by Amelia Murray-Cooper
photography courtesy of Pexels
Sometimes the dreaded dorm room musk can be overwhelming. No one knows exactly where the odor originates, but almost everyone has caught a whiff of it.
Unfortunately, candles and incense are forbidden under residence hall policy, and other alternatives can be harmful. According to a 2016 study at the University of Melbourne, artificial air fresheners contain hazardous chemicals linked to adverse effects like respiratory problems, migraines and asthma attacks.
Instead of risking a fire or compromising your health, meet your new best friend: essential oils.
Smell Good, Feel Good
For those looking for a natural air freshener, oil diffusers are the way to go. Fortunately, you don’t have to break the bank to find a high-quality product. Amazon’s top user rated diffuser, the URPOWER 150 ml, sells for under $20. Affordable and reliable? Yes, please.
Kiana Carver (COM ’21) read about the positive effects essential oils can have on stress, and decided to try them out as an alternative to candles in her dorm.
“It seemed like a perfect way to keep my space smelling good while also being functional,” Carver said.
DIY room mists are another easy and effective option. Grab a small spray bottle around 8 oz, fill three quarters of it with distilled water, add 25 to 30 drops of your favorite oil blend, then top it off with a dash of witch hazel. Shake gently, and voila! An instant pick-me-up for a dull space.
Sometimes, you need an extra boost to get through a late night. Instead of reaching for caffeine, try an invigorating oil to help you focus. They’re also perfect for that 8 a.m. class wake-up, so spritz some around your room to energize your morning routine.
In a study published in the 2008 International Journal of Neuroscience, participants exposed to peppermint oil showed enhanced memory and processing speeds. Similarly, lemon, eucalyptus and rosemary are known for their stimulating effects, creating an ideal environment for productivity.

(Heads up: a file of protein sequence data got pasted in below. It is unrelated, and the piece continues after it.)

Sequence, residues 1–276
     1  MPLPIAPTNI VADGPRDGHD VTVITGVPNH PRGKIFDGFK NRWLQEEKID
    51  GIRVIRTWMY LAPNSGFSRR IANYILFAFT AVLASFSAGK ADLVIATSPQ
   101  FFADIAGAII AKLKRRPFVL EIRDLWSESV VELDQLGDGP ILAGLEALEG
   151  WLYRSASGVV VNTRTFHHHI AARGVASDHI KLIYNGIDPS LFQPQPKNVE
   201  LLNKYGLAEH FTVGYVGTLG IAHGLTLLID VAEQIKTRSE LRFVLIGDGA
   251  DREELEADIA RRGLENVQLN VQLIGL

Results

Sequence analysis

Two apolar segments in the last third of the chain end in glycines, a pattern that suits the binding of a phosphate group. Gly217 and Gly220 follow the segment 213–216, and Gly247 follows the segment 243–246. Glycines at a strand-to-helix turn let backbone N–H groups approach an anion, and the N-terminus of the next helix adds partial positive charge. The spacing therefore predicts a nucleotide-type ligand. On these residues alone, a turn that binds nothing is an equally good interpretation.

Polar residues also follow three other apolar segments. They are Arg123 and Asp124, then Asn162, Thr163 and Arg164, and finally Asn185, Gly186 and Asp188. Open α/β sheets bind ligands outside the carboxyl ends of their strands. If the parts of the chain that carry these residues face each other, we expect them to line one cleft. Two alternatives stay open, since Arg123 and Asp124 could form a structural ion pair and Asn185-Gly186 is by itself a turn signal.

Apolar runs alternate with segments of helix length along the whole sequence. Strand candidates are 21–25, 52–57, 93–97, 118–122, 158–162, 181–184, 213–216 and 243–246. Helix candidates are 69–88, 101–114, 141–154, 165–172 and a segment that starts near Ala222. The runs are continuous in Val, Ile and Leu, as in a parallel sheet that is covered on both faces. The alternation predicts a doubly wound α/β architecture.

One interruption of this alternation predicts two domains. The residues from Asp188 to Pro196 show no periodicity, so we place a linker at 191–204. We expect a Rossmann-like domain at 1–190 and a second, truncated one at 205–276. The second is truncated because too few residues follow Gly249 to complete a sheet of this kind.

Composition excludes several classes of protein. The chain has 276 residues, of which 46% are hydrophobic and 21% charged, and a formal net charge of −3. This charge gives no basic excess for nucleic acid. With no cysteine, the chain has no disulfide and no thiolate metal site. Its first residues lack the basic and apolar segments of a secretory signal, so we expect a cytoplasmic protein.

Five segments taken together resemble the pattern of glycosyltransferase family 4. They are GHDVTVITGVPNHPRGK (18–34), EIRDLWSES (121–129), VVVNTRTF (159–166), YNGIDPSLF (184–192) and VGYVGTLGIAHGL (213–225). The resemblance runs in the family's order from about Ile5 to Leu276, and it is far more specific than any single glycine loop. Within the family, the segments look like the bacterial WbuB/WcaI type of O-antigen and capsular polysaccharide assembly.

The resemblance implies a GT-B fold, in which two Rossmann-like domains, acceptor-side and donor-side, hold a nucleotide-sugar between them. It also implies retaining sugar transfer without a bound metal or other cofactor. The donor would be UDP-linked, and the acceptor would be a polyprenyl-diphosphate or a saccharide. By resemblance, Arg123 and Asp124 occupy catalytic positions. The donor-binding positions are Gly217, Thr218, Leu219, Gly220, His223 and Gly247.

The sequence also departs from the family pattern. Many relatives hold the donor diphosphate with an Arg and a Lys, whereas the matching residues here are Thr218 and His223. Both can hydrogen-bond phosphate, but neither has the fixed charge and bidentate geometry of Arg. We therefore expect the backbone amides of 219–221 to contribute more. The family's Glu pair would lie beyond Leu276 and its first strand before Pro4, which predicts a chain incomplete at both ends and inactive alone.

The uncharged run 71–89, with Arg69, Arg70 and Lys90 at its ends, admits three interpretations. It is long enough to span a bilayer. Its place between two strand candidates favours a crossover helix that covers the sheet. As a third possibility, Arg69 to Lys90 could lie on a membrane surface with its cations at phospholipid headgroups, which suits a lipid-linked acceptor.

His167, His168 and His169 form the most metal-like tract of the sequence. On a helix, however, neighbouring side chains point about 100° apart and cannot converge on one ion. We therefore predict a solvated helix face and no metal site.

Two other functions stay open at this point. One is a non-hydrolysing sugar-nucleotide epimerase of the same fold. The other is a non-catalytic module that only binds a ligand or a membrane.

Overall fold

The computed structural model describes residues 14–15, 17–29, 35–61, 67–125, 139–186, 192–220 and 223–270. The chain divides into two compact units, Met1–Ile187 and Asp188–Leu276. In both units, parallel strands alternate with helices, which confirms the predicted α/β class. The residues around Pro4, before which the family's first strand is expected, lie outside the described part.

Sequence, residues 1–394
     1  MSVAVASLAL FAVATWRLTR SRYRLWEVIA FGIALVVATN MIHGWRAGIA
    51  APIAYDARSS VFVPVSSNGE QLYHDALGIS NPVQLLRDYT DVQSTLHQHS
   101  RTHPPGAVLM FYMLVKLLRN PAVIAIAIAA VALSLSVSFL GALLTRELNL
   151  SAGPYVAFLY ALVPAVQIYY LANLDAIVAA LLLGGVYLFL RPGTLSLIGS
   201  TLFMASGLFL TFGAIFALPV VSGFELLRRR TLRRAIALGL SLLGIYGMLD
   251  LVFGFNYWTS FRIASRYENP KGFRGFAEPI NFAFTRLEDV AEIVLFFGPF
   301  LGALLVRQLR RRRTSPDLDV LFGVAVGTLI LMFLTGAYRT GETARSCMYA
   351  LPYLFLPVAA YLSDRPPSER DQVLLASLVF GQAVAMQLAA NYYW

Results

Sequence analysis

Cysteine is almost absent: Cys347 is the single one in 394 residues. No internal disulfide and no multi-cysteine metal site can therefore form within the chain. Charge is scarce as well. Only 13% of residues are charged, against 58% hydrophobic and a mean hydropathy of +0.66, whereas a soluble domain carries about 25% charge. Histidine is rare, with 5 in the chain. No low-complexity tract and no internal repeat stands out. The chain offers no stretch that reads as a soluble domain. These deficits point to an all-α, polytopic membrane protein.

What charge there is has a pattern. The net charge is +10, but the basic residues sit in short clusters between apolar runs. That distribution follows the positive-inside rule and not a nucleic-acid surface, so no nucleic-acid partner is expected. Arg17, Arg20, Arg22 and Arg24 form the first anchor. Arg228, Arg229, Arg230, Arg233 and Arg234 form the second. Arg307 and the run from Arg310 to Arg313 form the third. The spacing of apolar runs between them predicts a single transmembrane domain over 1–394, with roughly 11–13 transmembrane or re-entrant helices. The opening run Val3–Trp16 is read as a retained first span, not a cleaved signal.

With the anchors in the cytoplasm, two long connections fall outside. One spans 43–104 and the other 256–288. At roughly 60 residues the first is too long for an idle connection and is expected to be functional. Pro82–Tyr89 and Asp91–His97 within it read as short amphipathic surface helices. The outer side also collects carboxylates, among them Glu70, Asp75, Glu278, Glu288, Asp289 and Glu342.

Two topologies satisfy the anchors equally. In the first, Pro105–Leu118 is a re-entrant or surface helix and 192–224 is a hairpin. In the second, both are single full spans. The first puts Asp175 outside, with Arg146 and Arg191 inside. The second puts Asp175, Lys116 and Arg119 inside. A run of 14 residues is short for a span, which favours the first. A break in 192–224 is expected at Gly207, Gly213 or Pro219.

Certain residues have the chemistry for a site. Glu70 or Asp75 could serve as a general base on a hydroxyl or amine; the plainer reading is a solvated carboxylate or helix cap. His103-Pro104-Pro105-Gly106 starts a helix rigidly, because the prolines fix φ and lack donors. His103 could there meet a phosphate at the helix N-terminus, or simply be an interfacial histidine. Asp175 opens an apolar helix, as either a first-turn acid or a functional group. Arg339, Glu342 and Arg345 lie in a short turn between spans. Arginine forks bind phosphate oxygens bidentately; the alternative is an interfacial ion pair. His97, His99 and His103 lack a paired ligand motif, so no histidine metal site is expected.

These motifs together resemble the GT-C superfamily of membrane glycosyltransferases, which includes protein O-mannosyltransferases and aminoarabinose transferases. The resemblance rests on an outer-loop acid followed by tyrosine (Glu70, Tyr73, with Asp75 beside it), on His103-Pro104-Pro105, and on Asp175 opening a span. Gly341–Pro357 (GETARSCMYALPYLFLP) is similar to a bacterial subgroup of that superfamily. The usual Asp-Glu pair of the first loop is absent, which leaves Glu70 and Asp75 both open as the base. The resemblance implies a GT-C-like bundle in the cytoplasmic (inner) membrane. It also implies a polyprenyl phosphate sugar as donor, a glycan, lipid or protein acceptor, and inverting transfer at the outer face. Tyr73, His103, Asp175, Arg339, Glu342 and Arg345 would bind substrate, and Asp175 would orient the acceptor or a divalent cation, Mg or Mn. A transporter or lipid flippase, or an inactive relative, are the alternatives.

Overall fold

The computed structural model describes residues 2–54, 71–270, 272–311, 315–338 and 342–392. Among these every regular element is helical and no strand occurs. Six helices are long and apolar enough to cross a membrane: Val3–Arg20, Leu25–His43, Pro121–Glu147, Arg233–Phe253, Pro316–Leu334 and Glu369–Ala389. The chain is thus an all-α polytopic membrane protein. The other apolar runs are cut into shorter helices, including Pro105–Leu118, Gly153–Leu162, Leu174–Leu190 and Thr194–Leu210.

After a long day, aromatherapy can provide much-needed stress relief.
In a 2012 study at Chulalongkorn University in Thailand, lavender oil caused decreases of blood pressure, heart rate and skin temperature among participants. Other soothing scents include chamomile and cedarwood, which can reduce anxiety.
Molly Cohen (SED '19) prefers using citrus oils in her diffuser.
“I either leave it on when I’m doing work in my room, or sometimes I like to have it on all night. I think they’re super relaxing,” Cohen said.
Beyond the Scent
Essential oils are also known for their natural health benefits. Some can be directly applied to the skin as spot treatments, mixed into massage oils, dropped onto bars of soap or added to bath water. Others can be consumed in small doses to boost wellness.
The FDA provides a list of essential oils approved for human consumption.
According to Ancient Medicine Today, oregano and thyme oils can help fight infections. Tea tree and manuka oil applied to skin can reduce redness and fight breakouts. Turmeric and frankincense are linked to anti-inflammation. Ginger and peppermint oils may aid with digestion.
These remedies may not work for everyone, so proceed with caution. Though oils are plant-based, they are still highly concentrated compounds. Be smart. Small doses and proper dilution are key, so follow product instructions carefully.
All Oils are Not Created Equal
Unlike makeup and other personal care items, there are no legal requirements for fragranced products to disclose all ingredients in America, according to the FDA. Product labels may claim to be organic, but it’s hard to know who’s telling the truth.
Avoid additives or oils sprayed with pesticides, as these may contain harmful toxins. One safe option is Aura Cacia, a brand certified organic by the National Organic Standards Board. Their Discover Essential Oils Kit, which includes eucalyptus, lavender, peppermint and tea tree oil, is an affordable yet versatile option for beginners.
With so many scents and techniques to choose from, essential oils may seem intimidating at first. However, once you get started, you’ll wonder how you ever survived dorm life without them.